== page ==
California Rape Conviction Tossed, old Law Revisited
A Los Angeles rape conviction has been tossed by an appellate court, citing an 1800s law stating that a person may be charged with rape by impersonation if the woman is married - but not otherwise.
Fullerton Criminal Defense Lawyer Houman Fakhimi understands that now, lawmakers are vowing to scrap the law entirely in favor of a new one that would make rape by impersonation a crime regardless of the victim's marital status.
Cases involving allegations of rape by impersonation are particularly difficult for prosecutors to win, mostly because they tend to involve consensual acts by two adults. The element that makes this act a crime is that through the deception of the defendant, the alleged victim believed the defendant was someone he was not. Proving this, as any prosecutor will tell you, is extremely tough. For example, how does one determine in a court of law what a person knew or didn't know? If an alleged victim by all accounts appears to consent, how can the defendant be responsible for guessing what she knew or didn't know?
In our experience, this type of allegation is likely to arise when an accuser later regrets the action or feels she has to explain something to her significant other. Saying she believed the defendant to be someone else relieves her of personal responsibility in the matter.
These cases tend to be relatively rare due to the fact that the burden of proof in a criminal case is so high. However, the publicity of this case, accompanied by the potential change in the law, could make such allegations more common. This is our concern.
In this particular case, an 18-year-old woman alleged she had fallen asleep with her boyfriend next to her. The boyfriend reportedly then left. The defendant, an acquaintance, then reportedly entered the dark bedroom in the middle of the night while the woman was sleeping and proceeded to have sex with her. The woman said she initially believed the man was her boyfriend. She said she only began to resist when she realized it was someone else.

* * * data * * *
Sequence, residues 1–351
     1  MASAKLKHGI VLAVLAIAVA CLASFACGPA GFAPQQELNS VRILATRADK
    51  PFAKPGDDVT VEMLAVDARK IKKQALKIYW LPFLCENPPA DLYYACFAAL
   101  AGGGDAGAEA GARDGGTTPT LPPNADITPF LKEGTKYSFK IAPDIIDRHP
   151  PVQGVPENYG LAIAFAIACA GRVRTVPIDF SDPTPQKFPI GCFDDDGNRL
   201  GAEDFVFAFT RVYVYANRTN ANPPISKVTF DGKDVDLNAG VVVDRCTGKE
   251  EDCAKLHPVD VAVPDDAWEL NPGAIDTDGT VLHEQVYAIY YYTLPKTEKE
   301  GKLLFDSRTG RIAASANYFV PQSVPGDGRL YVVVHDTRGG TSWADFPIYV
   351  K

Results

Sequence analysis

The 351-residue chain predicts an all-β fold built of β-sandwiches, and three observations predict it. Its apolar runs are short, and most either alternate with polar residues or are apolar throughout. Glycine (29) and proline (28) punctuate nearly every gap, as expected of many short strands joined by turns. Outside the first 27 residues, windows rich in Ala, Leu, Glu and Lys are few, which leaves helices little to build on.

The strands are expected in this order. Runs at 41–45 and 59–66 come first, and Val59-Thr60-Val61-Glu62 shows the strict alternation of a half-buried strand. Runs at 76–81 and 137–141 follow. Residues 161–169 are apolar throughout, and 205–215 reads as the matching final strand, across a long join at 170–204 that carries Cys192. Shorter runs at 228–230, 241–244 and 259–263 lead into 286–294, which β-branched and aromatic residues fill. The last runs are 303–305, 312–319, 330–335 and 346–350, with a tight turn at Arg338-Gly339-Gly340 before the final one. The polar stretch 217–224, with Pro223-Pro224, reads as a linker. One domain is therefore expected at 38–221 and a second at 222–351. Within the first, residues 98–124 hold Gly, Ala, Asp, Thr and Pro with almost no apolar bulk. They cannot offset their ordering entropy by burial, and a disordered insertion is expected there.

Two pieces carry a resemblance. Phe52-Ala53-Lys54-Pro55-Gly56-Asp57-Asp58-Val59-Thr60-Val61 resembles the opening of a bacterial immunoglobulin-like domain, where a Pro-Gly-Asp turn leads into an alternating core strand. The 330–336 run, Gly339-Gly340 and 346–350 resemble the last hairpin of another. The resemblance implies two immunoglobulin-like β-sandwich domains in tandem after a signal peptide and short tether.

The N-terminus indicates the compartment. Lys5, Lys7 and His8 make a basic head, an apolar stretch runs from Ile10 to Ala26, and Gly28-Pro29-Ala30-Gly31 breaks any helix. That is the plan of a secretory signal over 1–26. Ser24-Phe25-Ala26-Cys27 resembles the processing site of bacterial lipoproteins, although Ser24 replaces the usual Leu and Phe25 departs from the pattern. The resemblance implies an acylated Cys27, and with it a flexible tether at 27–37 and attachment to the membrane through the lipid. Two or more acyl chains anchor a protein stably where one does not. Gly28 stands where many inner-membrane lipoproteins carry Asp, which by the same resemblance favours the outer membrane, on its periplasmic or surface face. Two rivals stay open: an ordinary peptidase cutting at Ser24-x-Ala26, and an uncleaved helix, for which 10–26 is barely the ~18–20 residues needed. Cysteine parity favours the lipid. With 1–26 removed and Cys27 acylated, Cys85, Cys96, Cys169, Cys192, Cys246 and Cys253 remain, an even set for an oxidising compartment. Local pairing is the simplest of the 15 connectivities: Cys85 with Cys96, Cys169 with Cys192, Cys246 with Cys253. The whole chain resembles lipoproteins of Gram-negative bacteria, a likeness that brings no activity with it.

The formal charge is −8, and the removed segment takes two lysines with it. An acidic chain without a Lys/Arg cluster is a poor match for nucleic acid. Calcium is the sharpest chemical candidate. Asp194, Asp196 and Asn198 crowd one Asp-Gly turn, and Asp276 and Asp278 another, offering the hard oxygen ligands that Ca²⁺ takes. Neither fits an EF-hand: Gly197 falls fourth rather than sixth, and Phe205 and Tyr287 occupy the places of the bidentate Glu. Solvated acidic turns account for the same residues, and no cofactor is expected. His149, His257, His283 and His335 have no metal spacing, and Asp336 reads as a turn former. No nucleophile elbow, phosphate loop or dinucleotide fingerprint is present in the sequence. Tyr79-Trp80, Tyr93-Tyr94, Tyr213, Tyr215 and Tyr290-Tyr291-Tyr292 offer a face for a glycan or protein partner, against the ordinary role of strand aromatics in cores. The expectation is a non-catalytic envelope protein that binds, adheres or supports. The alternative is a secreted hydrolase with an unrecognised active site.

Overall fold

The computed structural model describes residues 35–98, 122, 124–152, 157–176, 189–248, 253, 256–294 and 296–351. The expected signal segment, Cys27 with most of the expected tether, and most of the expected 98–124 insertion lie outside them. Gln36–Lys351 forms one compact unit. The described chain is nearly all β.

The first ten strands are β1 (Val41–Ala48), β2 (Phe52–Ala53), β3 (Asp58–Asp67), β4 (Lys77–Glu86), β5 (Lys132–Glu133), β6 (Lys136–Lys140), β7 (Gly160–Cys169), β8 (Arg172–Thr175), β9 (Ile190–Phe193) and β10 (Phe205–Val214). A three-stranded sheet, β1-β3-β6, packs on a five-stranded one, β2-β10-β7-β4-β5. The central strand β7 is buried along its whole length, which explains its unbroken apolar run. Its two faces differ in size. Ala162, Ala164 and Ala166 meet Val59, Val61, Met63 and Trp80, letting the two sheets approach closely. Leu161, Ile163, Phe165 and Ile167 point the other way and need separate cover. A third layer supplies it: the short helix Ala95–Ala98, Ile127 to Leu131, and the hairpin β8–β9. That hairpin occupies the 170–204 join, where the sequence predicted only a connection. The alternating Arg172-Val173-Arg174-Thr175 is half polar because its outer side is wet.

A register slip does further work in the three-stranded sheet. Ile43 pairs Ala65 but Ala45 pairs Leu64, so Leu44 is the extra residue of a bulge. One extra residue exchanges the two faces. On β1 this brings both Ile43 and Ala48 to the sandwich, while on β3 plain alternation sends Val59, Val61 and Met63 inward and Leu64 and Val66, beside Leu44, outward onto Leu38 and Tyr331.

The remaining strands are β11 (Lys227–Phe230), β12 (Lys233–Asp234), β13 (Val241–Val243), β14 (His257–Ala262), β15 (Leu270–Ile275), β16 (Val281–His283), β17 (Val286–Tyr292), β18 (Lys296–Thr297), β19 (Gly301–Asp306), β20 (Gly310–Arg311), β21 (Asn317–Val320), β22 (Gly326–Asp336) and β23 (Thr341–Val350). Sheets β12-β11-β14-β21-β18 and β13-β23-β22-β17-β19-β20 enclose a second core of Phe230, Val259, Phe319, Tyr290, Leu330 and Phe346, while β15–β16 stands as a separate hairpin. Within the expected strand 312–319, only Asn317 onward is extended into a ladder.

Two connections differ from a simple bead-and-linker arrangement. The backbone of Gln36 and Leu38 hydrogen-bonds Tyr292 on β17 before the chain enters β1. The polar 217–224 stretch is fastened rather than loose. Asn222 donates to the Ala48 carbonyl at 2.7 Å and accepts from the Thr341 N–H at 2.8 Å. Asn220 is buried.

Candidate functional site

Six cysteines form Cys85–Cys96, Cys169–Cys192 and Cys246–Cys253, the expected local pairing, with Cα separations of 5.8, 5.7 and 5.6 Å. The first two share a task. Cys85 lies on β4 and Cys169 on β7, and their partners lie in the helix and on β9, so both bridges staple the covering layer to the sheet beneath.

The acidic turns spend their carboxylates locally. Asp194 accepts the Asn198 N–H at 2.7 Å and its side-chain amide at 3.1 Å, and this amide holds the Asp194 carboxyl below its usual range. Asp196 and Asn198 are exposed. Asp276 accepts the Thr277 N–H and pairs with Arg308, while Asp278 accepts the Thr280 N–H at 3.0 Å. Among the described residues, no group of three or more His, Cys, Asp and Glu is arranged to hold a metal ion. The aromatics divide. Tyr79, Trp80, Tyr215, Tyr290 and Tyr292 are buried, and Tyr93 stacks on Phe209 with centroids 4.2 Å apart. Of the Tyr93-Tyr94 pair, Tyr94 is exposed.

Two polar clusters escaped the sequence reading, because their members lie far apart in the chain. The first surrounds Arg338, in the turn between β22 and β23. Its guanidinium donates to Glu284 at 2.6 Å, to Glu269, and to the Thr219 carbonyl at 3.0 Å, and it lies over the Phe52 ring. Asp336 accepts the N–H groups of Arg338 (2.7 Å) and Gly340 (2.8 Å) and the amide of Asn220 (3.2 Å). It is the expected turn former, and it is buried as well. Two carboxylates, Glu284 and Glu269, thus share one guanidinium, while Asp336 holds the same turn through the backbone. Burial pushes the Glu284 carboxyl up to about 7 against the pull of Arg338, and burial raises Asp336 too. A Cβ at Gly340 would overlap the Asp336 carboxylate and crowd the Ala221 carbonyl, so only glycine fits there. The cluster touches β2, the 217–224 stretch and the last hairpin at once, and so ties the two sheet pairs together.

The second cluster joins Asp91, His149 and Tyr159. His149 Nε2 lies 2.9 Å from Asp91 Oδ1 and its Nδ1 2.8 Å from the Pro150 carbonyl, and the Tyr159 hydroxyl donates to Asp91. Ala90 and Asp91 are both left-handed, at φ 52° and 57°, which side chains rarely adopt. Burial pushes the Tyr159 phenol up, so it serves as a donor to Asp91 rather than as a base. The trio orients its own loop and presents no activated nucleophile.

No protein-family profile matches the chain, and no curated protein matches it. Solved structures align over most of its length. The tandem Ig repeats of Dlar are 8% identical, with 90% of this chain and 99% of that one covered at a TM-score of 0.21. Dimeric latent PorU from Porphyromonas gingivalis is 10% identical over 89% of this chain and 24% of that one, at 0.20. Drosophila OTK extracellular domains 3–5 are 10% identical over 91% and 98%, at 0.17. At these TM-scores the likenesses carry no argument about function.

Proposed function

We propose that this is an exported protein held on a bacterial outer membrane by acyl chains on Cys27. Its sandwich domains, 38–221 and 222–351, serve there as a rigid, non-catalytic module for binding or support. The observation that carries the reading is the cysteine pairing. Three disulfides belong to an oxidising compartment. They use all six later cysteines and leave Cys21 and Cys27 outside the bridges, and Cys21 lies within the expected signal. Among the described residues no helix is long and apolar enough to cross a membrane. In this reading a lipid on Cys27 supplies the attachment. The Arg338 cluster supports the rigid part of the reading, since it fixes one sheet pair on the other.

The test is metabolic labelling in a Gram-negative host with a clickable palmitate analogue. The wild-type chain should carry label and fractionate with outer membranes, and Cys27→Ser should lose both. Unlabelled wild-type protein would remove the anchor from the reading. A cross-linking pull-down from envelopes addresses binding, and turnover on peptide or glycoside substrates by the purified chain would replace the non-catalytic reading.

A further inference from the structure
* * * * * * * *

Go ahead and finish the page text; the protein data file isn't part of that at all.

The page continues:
A key piece of evidence in this case was a statement given by the defendant to the police, in which he said it was probable the woman wrongly assumed he was her boyfriend.
California Penal Code 261 describes rape as when an individual engages in sexual intercourse with another person and the act was completed either against one person's will or without one person's consent by means of force, violence, duress, menace, fear of bodily harm to ones self or to another, fear of retaliation or fraud.
In this case, the defendant's first trial resulted in a hung jury. He was convicted during a second trial last year.
But then just after the first of this year, California's 2nd District Court of Appeal concluded that the defendant's actions didn't meet the actual definition of rape under state law because the law, written in 1872, indicates that a person who obtains consent for sex by pretending to be someone else is only guilty of rape if the victim is married and the defendant is pretending to be the spouse. This particular victim was not married.
Prosecutors have indicated they may seek a third trial for this defendant. However, if they did, they would have to omit the instruction regarding an unconscious rape victim not being aware of the essential characteristics of the act due to the fact that the defendant tricked, lied to or concealed information from her.
Legislators are now saying that this is an arcane law, and they intend to introduce a law that would close this loophole. However, it wouldn't affect this case because the law wouldn't have been in place at the time of the alleged incident.
If you are accused of rape, you need to seek legal counsel immediately, as a conviction, regardless of the circumstances, could result in potentially years behind bars. Say nothing to investigators, and call us first.